In a rare feat, the U.S. Supreme Court recently attracted more attention than two great milestones of spring - March Madness and baseball's opening day. "How could this have happened?" a reporter asked. "Public opinion and inevitability," I replied.
The surge of Americans' support for same-sex marriage, at a clip that has astonished both proponents and opponents of expanded access to an ancient institution, has brought an air of inevitability to this cause. The legal terms, Prop 8 and the Defense of Marriage Act, have won household recognition, a status reserved in recent years for cases such as Roe v. Wade, United States v. Nixon and Bush v. Gore.
There is, in this mix, curiosity about the impact, if any, of public opinion on the court's rulings. Those who believe it will be persuasive ask whether Chief Justice John Roberts would deny to his cousin, a lesbian, who attended oral arguments on the Prop 8 case, the right to marry her partner. They also note the movement of current and past officeholders, both Republicans and Democrats, who have embraced same-sex marriage.
Some GOP leaders, concerned that their party will pay a heavy price at the polls in future elections for being on the wrong side of the issue (and history), hope the court will uphold same-sex marriage and remove the issue from political calculations of voters. Will these expressions of public opinion, among others, influence the justices?
Judges, I believe, aim to ground their opinions in facts, laws and precedents, as they read and understand them. Yet, there often is, as Justice Oliver Wendell Holmes was fond of saying, room for "interstitial analysis," a gap in the law that requires some individual judgment. How to fill that gap?
Justice Benjamin Cardozo wrote eloquently about the exercise of "judicial judgment" - the application of a lifetime in the law, and a wealth of learning and experience - nearly a century ago in classics still assigned to law students in courses on jurisprudence.
Cardozo pointed out that judges are members of their community; they read newspapers and talk to their neighbors. They are not monks in a monastery.
It's difficult to know if, when, and to what degree the court of public opinion exerts an influence on judges, but across the years, various justices have noted the importance of public viewpoints.
From 1934 through 1936, the court rendered 12 decisions declaring New Deal measures unconstitutional. Starting in 1937, the court upheld every New Deal law brought before it, including some that were fundamentally similar to earlier statutes that it had struck down.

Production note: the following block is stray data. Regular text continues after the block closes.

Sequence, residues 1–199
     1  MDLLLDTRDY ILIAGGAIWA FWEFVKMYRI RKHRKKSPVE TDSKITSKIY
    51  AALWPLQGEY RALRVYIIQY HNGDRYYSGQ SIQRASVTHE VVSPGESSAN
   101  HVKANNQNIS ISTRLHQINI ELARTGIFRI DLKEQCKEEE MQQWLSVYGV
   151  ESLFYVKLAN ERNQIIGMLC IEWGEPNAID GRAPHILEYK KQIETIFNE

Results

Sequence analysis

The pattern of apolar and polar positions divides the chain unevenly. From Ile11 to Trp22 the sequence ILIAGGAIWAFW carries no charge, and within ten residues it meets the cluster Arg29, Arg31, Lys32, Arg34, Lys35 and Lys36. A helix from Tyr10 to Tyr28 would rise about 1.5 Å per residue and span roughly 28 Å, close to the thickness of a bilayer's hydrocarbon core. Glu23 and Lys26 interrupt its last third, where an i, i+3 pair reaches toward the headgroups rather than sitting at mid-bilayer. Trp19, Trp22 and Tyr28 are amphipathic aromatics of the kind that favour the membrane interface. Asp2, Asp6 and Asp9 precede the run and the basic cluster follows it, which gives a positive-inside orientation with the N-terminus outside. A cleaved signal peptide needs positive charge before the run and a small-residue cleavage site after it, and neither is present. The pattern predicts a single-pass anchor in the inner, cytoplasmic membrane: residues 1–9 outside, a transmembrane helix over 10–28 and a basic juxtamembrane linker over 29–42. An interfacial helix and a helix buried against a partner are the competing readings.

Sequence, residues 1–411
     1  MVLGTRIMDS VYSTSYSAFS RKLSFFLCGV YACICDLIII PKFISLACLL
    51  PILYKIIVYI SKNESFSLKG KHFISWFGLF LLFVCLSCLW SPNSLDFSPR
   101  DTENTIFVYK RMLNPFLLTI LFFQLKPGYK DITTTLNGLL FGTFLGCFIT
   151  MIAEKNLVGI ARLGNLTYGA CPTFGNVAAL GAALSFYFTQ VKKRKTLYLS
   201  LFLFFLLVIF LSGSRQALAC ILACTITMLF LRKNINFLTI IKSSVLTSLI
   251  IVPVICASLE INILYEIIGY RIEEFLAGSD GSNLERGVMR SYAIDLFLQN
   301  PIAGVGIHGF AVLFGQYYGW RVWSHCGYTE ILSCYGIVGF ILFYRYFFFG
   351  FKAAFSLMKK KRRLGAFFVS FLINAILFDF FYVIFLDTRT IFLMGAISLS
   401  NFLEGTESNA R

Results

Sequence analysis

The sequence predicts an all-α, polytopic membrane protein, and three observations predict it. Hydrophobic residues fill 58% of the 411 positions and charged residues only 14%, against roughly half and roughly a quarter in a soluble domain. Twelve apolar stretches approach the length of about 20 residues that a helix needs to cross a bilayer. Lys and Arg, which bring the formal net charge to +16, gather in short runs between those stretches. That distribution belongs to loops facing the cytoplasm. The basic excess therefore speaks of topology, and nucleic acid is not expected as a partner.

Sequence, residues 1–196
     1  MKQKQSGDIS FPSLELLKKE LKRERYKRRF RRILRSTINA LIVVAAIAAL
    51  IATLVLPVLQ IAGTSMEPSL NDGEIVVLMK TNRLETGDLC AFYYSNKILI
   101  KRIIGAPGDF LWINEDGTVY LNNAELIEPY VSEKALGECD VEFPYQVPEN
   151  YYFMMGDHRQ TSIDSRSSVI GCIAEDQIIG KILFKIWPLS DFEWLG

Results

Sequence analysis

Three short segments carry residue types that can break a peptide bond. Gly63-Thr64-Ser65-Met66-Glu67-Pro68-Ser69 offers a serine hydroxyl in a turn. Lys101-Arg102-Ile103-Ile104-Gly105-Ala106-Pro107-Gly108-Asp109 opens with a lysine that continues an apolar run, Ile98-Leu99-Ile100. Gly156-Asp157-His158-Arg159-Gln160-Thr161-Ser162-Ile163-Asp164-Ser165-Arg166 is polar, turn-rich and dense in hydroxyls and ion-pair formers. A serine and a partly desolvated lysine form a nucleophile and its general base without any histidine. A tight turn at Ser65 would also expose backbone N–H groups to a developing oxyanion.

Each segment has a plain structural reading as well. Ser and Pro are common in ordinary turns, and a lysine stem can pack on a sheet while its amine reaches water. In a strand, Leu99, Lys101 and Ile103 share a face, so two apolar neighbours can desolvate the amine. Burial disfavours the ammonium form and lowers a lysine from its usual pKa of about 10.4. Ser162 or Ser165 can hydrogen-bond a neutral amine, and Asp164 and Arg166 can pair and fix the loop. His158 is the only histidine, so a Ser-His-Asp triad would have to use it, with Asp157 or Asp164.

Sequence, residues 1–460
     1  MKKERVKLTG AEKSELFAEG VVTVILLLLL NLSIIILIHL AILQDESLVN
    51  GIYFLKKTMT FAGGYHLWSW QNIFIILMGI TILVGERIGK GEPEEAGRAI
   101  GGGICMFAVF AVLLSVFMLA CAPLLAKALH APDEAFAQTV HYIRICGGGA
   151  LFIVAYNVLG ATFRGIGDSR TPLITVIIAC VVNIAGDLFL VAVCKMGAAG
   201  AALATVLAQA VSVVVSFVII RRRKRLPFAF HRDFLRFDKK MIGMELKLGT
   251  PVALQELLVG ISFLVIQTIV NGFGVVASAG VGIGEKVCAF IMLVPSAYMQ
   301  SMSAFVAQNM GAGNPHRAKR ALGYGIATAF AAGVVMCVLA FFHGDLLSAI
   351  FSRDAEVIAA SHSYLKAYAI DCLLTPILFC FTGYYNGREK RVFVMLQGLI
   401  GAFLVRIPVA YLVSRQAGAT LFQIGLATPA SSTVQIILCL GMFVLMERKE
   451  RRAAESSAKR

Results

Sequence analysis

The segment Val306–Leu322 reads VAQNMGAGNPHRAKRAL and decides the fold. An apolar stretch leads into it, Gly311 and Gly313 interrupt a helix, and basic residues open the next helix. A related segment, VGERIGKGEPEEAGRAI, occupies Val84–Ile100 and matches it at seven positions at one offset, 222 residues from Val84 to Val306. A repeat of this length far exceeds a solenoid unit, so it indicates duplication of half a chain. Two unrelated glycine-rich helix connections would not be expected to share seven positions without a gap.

It is a little too simple to say, as some contemporaries had written, that the court had changed paths to protect itself from FDR's "court-packing plan," in what was characterized as "a switch in time that saved Nine." But, "in looking back" observed Justice Owen Roberts, whose switch, more than anything else, is said to have "saved the Nine," said in 1951 that "it is difficult to see how the court could have resisted the popular urge for uniform standards throughout the country - for what in effect was a unified economy." Yet, Chief Justice Charles Evans Hughes declared to his authorized biographer, "The president's proposal had not the slightest effect on our decision."
Still, no less an expert than Chief Justice William Rehnquist believed that public opinion played a role in the court's thinking in the landmark Steel Seizure Case. Rehnquist, who clerked for Justice Robert H. Jackson when the court held in 1952 that President Harry Truman's seizure of the steel mills was unconstitutional, observed in a memoir that the court likely had been influenced by the strong "tide of public opinion" that ran against Truman.
It's a good bet that Chief Justice Roberts, who clerked for Rehnquist, has read that memoir. We are likely years away from knowing whether, or to what extent, the court of public opinion exercised any influence on the high tribunal in its rulings on same-sex marriage. That knowledge won't be available until some of the current members of the court, upon retirement or death, open their papers for public viewing. Even then, it might be the case that justices disagree about the premise.
Adler is the Cecil D. Andrus Professor of Public Affairs at Boise State University, where he serves as director of the Andrus Center for Public Policy. He has lectured nationally and internationally on the Constitution, presidential power and the Bill of Rights.